There's a heat-wave and the early morning sun is strong. I see strands of spider silk strung across the flowers of Japanese anemone. But my camera cannot see them- the spider needs his web to be invisible to his insect prey.
In summer 2014, I was writing Cumbrian Contrasts, and studying pollination. That was the first time I photographed a Bumblebee pollen-basket.
Today's image is clearer
After the glare and blaze of a heat wave, a sky with depth of cloud was a relief. The Scout Scar flora looked burnt-out and blitzed, the anthills too. Micro-moths and bees fared better in the wind than the few faded fritillaries. Heather was budding but nectar would only flow as the flowers bloomed. Carline thistle has spiny bracts guarding the florets where the red-tailed bumblebee foraged. Knapweed was a source of pollen and nectar and I followed the bees from one patch of flowers to another. Red-tailed bumblebees nest underground, at the base of dry stone walls in a colony of 50–100 bees.
Flowers and bees need each other, theirs is a symbiotic relationship. To reproduce, flowers attract pollinators; patterns within the corolla guide them to their store of nectar, and the flowers signal with 27 July 2014 ultra-violet light. An electric field between flower and bee tells when the flower is out of nectar, so the foraging bee conserves vital energy – a sudden change in the weather, or running out of fuel, can be fatal.
I could hear bees buzz in spurts of sound as they approached flowers and this buzz-pollination (sonification) releases the grains of pollen. A bee feels its way into a flower, deep amongst the pollenbearing anthers, shaking the pollen grains loose, brushing them over its soft short hairs and transferring them to the next flower it visits and pollinates. The female bee stores pollen in a corbicula (a pollen basket) on her hind legs to carry it back to the hive where pollen is fed as protein for bee larvae.
Clear, liquid nectar is also collected by bees, stored in a second stomach and transported to the hive where worker bees digest it, using enzymes to break down the complex sugars to produce raw honey which is dried and stored in honeycomb and capped with wax. Honey is an essential food source to help the colony over-winter. The loss of pollinators was a news item on Farming Today next morning. Research is being funded by the manufacturers of pesticides, so there were questions surrounding transparency, openness, and accountability.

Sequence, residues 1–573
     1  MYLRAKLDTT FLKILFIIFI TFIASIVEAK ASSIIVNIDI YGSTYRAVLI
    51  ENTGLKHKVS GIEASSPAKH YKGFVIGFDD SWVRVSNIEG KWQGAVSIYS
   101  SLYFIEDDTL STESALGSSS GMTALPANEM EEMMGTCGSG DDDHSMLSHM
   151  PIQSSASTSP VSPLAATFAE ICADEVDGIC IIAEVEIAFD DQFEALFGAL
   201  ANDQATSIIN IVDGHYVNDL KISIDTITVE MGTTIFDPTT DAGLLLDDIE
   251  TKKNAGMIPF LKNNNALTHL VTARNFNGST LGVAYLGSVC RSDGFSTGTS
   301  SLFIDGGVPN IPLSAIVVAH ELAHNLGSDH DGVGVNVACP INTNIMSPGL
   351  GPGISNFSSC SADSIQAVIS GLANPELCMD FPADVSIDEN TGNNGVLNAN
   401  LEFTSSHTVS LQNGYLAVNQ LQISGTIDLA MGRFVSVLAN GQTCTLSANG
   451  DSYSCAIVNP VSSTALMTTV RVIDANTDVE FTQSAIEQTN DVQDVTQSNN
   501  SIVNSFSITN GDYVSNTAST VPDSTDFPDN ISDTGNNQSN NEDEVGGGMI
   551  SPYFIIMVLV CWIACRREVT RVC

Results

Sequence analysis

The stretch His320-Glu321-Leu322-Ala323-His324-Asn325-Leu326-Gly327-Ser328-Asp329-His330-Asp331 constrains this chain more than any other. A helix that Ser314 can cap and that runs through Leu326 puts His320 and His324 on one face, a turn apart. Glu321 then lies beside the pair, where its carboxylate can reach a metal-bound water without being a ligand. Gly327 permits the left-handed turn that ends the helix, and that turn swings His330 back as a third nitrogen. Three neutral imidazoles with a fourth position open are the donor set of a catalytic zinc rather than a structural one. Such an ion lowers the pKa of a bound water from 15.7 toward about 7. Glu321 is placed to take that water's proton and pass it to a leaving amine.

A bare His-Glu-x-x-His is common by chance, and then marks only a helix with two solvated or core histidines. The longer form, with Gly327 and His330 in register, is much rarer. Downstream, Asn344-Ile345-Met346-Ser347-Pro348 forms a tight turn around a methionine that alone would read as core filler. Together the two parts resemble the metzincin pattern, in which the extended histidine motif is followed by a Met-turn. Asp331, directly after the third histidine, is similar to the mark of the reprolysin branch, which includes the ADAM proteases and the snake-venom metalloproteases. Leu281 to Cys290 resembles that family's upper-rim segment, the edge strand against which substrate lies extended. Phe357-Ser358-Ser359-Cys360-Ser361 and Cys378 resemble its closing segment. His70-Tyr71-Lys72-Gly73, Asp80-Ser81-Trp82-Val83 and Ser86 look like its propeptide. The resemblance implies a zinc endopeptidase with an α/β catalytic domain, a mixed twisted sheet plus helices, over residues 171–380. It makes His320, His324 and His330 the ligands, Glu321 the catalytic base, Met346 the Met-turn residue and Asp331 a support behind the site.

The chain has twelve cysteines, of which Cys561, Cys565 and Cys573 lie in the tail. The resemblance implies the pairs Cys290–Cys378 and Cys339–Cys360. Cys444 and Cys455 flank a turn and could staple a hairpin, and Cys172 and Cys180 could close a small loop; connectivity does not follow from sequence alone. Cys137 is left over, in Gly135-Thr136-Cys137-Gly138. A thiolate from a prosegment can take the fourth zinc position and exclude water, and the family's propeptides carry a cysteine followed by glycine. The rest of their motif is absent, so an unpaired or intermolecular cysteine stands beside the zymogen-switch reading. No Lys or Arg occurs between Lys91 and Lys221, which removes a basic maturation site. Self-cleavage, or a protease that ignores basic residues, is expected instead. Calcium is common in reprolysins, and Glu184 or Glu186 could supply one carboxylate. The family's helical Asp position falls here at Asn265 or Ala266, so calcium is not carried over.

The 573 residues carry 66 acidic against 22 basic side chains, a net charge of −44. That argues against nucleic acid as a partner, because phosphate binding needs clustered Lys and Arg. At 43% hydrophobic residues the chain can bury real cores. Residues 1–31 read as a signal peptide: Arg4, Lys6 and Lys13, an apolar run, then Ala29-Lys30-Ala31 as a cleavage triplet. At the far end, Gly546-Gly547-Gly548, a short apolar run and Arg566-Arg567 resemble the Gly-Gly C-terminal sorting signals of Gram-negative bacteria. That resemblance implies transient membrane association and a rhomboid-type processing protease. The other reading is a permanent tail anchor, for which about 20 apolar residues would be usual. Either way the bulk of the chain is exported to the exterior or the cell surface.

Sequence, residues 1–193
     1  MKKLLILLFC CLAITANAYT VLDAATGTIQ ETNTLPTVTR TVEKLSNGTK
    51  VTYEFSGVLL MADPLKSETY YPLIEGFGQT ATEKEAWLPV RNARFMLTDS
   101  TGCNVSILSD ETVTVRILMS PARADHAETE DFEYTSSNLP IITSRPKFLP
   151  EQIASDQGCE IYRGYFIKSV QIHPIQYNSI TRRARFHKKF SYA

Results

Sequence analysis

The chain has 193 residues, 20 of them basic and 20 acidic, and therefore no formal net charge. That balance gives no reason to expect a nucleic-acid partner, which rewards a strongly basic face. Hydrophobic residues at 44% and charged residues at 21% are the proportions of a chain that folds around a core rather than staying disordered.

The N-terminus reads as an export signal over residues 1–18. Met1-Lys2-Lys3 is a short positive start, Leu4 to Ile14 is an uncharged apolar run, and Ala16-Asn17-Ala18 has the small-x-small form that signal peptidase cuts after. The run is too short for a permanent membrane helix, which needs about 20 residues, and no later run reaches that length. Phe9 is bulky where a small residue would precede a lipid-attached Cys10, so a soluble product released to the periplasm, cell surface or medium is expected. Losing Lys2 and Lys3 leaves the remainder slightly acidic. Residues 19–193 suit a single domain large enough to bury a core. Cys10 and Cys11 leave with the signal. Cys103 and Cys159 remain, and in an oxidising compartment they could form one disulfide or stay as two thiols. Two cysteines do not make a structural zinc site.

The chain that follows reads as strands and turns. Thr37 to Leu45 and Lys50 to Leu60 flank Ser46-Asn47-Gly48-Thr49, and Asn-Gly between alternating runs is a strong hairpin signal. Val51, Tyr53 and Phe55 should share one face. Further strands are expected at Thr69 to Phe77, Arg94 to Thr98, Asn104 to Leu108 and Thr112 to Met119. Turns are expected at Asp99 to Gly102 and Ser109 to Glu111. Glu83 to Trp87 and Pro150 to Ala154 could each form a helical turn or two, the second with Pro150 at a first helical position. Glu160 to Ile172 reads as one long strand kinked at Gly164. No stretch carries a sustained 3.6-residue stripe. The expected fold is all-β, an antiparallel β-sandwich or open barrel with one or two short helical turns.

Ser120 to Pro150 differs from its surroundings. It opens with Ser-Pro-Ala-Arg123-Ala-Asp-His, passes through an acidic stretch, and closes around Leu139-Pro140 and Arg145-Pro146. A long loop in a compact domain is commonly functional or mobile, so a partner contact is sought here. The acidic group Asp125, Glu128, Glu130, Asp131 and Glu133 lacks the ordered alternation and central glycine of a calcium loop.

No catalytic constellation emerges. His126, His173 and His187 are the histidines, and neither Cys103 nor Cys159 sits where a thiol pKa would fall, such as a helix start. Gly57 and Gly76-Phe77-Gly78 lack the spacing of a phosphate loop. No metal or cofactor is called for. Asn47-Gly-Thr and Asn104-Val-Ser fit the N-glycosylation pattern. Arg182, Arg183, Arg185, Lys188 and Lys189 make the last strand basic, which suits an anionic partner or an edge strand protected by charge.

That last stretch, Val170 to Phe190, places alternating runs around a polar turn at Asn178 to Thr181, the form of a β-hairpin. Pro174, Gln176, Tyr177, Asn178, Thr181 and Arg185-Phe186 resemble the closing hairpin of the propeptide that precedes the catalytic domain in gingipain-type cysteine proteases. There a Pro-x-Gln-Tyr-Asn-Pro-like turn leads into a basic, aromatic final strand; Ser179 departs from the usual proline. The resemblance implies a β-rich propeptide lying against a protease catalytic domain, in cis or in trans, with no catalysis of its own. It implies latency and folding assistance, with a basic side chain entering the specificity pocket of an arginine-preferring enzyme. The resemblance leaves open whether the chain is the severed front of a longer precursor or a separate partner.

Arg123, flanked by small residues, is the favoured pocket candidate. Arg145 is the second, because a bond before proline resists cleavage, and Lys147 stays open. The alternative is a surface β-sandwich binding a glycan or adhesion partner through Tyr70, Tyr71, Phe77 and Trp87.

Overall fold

Extract from Cumbrian Contrasts- please respect all copyright.
Feed him with apricocks and dewberries,
With purple grapes, green figs and mulberries,
The honeybags steal from the Humble-bees,
And for night-tapers crop their waxen thighs
And light them at the fiery glow-worm's eyes
To have my love to bed, and to arise.
And pluck the wings from painted butterflies,
To fan the moon-beams from his sleeping eyes ,
Nod to him, elves, and do him courtesies.
Here is seduction at the court of Elizabeth I st. Gloriana, whose adventurers Raleigh and Drake are on voyages of discovery..
'I'll put a girdle round about the earth in forty minutes,' boasts Puck who's faster than any sea-captains.
There's fresh fruit and honey. And beeswax for tapers. Beeswax, for a gentleman. If Titiania, the Fairy Queen, knew her lover was Nick Bottom the weaver he'd be lucky to be offered a rush candle dipped in tallow- Nor would she offer him fruit newly introduced to the Tudor court: apricots, figs and mulberries. This was courtly fare, the gift of a queen. The fan she pictures evokes the intricate embroidery of the Tudor Court. Painted with patterns as bright and lovely as butterfly wings. With cowslip petals from meadows about Stratford and spices from the Indes. The rich imagery of this poetry and just look at those rhymes!